Here’s a little hack I made from IKEA GRIMSLÖV kitchen cabinets, turning them into a shiplap entertainment center.
We initially wanted our favorite carpenter friend to build a custom wall unit for us, but he was too busy at the time. We looked for prefab wall units at IKEA, Amazon, Wayfair, etc., but couldn’t find just what we wanted. My wife wanted the speakers hidden, and we both wanted a built-in look, so I know I would have to do some hacking.
Having built two IKEA kitchens in the past, I thought maybe I could use IKEA kitchen cabinets and modify them. I bought the 15-inch deep variety, as opposed to the usual 24-inch deep cabinets typically used in a kitchen. (Caution, some A/V receivers won’t fit in a 15-inch deep cabinet, so be sure to measure your components.) I think using the 15-inch deep cabinets makes it look more like an entertainment wall unit; nobody suspects it’s actually modified kitchen cabinets.
We found some custom wall units online that used shiplap, which we liked. We thought that adding shiplap would give it a more custom look. Initially, I planned to use smooth, white shiplap for a more formal look, but then I came across the gray “barn wood” shiplap with the somewhat “distressed” look. I thought that would be perfect since it was going in a lake house. Definitely glad I went with the gray; gives it a nice contrast and custom look.
IKEA items used:
- Full list & prices here (pdf)
- 1 in. x 6 in. x 8 ft. Barn Wood Grey Pine Shiplap Board from Home Depot
- Behr Ivory Palace paint from Home Depot
- Off-White speaker grill fabric from Amazon
- Finish nailer
- Impact driver
How to hack a shiplap entertainment center
Build IKEA cabinets per IKEA instructions. Add trim to sides and tops to give it that built-in look. For the sides, I just bought some primed 1x4s and cut them to fit. Attached them with L-brackets. For the tops, I just cut some of the same 1x4s and nailed them in place with a finish nailer, then caulked. I painted those pieces with Behr Ivory Palace paint which perfectly matches the off-white of the IKEA GRIMSLÖV cabinets.
Installing shiplap was simple. Just cut to width and nail in place with finish nailer. Cutting the doors for the speaker openings was simple, too. I used a circular saw and just did a plunge cut until I got near the corners.
There I finished the cut with a sabre saw/jigsaw. For a smoother cut, use a circular saw blade with a high tooth count. You’ll need this to cut the countertop, too.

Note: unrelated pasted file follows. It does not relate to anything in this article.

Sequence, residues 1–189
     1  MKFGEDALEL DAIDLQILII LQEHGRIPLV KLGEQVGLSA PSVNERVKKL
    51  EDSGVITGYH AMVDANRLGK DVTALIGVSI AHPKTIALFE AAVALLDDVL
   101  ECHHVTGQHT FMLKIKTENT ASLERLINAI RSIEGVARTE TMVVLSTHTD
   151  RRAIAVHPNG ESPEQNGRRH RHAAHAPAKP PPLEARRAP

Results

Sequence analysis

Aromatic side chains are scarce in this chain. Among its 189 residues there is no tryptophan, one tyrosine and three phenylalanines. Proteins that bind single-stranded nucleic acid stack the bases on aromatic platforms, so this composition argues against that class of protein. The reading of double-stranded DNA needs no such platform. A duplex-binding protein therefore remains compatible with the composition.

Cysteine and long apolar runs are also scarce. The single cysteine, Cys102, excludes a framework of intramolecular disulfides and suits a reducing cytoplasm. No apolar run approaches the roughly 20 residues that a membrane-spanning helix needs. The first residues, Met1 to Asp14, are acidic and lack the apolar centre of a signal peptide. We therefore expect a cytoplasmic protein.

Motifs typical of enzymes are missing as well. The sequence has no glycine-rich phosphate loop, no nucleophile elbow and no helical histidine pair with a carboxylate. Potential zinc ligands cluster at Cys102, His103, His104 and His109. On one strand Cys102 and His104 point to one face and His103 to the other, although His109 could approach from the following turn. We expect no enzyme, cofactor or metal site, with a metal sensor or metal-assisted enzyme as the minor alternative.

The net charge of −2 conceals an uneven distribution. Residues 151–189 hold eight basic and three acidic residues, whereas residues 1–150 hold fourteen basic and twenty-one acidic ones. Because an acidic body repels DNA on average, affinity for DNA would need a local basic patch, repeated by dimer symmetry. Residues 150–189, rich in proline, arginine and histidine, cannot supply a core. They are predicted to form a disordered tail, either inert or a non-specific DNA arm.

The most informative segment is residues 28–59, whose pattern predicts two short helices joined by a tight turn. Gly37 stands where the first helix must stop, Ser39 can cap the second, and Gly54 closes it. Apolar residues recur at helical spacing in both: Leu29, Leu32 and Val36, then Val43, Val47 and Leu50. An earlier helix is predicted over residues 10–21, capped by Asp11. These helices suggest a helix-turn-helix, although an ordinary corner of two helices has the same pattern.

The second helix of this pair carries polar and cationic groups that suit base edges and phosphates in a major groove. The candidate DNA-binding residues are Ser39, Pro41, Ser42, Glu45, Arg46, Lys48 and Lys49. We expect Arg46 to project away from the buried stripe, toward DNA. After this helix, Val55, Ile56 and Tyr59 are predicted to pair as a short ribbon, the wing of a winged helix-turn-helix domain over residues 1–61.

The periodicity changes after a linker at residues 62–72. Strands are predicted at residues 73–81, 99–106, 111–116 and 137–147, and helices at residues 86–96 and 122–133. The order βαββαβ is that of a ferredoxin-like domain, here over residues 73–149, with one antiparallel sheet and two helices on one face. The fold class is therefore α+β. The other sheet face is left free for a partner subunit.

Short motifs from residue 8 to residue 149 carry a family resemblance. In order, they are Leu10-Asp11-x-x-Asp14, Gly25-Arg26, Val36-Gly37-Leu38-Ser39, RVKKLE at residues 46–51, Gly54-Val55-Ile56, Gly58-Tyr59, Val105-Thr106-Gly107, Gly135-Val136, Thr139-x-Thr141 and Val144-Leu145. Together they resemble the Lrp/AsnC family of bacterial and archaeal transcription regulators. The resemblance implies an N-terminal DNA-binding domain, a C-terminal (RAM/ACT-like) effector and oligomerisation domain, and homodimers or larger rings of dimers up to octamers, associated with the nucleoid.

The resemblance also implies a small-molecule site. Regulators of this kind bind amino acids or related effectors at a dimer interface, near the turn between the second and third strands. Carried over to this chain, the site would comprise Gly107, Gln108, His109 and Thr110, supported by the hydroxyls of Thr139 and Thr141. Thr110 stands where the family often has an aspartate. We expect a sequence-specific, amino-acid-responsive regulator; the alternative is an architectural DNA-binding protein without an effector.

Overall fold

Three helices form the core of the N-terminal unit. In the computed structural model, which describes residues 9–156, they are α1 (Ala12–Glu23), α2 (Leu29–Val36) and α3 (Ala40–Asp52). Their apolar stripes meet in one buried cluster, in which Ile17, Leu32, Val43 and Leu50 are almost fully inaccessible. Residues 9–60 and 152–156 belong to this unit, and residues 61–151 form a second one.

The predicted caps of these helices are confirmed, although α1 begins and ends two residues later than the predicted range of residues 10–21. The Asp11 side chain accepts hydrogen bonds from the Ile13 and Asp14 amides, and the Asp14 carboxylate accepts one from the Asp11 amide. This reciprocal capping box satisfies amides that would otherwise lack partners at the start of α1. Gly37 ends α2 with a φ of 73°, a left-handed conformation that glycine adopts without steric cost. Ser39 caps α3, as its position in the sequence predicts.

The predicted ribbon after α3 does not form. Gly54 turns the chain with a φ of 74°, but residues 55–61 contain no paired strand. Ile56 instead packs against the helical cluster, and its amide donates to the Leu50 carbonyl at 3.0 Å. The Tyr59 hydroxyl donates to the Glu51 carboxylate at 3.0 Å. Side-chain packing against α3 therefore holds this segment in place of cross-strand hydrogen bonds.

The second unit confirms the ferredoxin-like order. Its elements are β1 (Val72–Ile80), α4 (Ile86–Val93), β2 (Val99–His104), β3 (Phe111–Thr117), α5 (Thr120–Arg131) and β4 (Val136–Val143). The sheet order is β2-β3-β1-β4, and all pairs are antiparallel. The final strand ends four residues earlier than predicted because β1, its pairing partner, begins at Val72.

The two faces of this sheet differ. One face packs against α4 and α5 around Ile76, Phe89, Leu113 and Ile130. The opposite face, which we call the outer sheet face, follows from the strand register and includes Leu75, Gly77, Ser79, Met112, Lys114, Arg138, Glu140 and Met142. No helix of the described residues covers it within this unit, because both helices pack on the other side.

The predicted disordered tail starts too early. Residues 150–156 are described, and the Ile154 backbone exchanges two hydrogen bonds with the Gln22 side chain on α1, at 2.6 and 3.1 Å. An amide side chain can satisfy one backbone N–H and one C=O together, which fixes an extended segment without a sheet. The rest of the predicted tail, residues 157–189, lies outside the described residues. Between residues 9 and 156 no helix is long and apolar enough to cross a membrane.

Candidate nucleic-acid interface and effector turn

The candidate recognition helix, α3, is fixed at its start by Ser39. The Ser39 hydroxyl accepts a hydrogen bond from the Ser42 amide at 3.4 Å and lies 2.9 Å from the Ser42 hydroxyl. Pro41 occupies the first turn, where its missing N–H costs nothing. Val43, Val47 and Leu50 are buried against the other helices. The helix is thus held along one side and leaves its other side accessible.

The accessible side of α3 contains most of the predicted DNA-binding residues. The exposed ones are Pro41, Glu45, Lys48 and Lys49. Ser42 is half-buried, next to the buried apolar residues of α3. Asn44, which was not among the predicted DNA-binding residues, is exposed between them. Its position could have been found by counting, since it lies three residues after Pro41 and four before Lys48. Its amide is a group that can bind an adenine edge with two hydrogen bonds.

To make things perfect, you should probably sand after you cut. I didn’t, but after painting where I cut with the Behr Ivory Palace paint, it blended it nearly perfectly.
I initially bought pure white speaker fabric from Amazon.com. But as you can see from the photos, it didn’t match well with the off-white of the IKEA GRIMSLÖV cabinets. They ended up looking gray instead. So, then I bought some off-white speaker fabric from Amazon, and they match pretty well. After putting the speakers in the cabinet, it made the fabric darken somewhat.
Doubling-up on the off-white fabric did the trick visually and didn’t impact the sound quality.
How long and how much did the shiplap entertainment center cost?
About $1500 for the IKEA stuff, $100 for the shiplap and $15 for the speaker fabric.
What do you like most about the hack?
The shiplap, the hidden speakers, and the built-in look. I was worried about the sound quality with the speakers in the cabinet, but the sound is great!
What was the hardest part about this shiplap entertainment center?
Keeping everything plumb and level. When you put in the trim pieces between the unit and the wall/ceiling, you find out that your wall and ceiling are not perfectly plumb and level!
What to pay special attention to?
Be careful when cutting the doors for the speaker openings. I kind of messed up on one, but found that the paint hid the blunder pretty well. If you screw it up too badly you can always buy another door.
Looking back, would you have done it differently?
Initially, I cut out a space in the shiplap for the TV mount, but later realized that made it too recessed to hang the TV. So, I had to reinstall the TV mount on top of the shiplap. Also, don’t just cut several shiplap boards the same length. You may find out that your tall cabinets are not perfectly plumb. Measure each board as you go. Ideally, you want to measure the height of the boards so you don’t have a really small one on top or bottom. I screwed up my measurements (not accounting for the gap in the shiplap), so it didn’t turn out perfect. But I can live with it!
Very happy with it, and we’ve received lots of compliments on it. My carpenter buddy asked me if I wanted a job! 😉 Of course, he can build stuff from scratch, whereas I can only hack IKEA stuff!
~ by Mike M.